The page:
There is more to nutrition during cancer and cancer therapy than getting enough calories and protein. The foods you choose also help you cope with side effects, such as loss of appetite, nausea, vomiting, diarrhea, chewing and swallowing difficulties, and taste changes.
As each person's individual medical profile and diagnosis is different, so is his or her reaction to treatment. Side effects may be severe, mild, or absent. Be sure to discuss with your cancer care team possible side effects of treatment before the treatment begins.
Sometimes, cancer treatment causes temporary changes in the way foods taste. Some foods might taste metallic, bland, or have other unpleasant tastes. Taste changes can affect your appetite and desire for food. Use some of the suggestions below to make food taste more desirable:
Eat with plastic utensils.
Choose and prepare foods that look and smell good to you.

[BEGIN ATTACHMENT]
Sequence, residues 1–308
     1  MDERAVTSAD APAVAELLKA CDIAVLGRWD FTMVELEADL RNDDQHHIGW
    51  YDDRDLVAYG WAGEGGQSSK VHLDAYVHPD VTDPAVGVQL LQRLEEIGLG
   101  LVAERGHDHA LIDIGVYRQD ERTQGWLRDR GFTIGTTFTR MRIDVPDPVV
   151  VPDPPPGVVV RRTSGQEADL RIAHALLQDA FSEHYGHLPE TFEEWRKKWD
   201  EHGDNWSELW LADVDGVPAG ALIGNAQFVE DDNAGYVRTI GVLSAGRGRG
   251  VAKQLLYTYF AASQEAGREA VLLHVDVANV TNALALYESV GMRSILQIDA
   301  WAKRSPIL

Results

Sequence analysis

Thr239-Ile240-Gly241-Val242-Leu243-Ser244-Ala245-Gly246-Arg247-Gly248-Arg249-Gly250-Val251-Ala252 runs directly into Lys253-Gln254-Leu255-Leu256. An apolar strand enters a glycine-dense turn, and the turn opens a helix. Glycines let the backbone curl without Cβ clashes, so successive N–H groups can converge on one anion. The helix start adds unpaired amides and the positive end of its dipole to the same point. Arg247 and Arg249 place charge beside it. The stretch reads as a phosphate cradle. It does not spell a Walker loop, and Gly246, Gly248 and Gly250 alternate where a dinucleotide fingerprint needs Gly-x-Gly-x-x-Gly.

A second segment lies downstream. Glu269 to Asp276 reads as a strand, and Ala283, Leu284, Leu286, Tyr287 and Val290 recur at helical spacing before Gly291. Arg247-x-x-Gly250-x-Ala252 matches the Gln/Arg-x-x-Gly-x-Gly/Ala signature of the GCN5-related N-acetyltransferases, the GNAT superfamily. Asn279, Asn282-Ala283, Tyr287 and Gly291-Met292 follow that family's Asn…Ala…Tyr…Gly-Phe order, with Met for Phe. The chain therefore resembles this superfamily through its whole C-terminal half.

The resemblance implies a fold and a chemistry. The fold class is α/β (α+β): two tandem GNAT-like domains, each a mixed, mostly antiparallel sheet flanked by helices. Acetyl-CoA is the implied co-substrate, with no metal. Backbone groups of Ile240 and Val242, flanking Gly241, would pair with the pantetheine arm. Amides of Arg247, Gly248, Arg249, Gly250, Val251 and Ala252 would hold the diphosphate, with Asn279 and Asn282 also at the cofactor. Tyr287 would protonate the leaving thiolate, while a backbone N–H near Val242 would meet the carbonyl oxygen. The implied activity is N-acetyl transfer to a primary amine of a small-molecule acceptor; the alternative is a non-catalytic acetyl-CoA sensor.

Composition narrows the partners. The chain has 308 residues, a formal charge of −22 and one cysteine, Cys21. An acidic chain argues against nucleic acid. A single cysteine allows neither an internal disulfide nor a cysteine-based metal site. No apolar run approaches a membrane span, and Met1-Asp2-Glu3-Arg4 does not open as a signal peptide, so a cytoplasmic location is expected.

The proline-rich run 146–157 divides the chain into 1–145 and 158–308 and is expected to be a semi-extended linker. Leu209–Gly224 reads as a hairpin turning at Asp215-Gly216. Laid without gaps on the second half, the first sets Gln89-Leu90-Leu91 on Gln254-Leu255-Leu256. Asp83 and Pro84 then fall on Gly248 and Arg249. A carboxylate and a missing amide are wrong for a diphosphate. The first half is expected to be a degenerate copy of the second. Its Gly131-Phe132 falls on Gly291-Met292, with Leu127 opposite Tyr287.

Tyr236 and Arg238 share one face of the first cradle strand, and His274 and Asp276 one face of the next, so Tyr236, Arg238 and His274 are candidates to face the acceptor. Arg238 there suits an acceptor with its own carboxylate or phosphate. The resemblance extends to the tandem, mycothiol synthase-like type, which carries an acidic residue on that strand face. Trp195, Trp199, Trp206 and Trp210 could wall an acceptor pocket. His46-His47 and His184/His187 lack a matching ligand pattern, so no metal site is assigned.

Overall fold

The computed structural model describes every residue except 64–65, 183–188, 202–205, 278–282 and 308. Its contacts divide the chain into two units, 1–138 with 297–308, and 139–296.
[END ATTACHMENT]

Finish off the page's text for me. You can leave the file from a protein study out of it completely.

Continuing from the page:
If red meat, such as beef, tastes or smells strange, try chicken, turkey, eggs, dairy products, or mild-tasting fish instead.
Marinate meats with sweet marinades or sauces.
Try tart foods, such as oranges or lemonade, which may have more taste. A tart lemon custard might taste good and will also provide needed protein and calories. (If you have a sore mouth or throat, tart or citrus foods might cause pain or discomfort.)
If smells bother you, try serving foods cold or at room temperature, turning on a kitchen fan, covering foods when cooking, and cooking outdoors in good weather.
Try using bacon, ham, or onion to add flavor to vegetables.
Visit your dentist to rule out dental problems that may affect the taste or smell of food.
If foods taste bland, use extra seasonings, spices, and flavorings.
Drink lemon-flavored drinks to stimulate saliva and taste.
Keep your mouth clean with rinsing and brushing.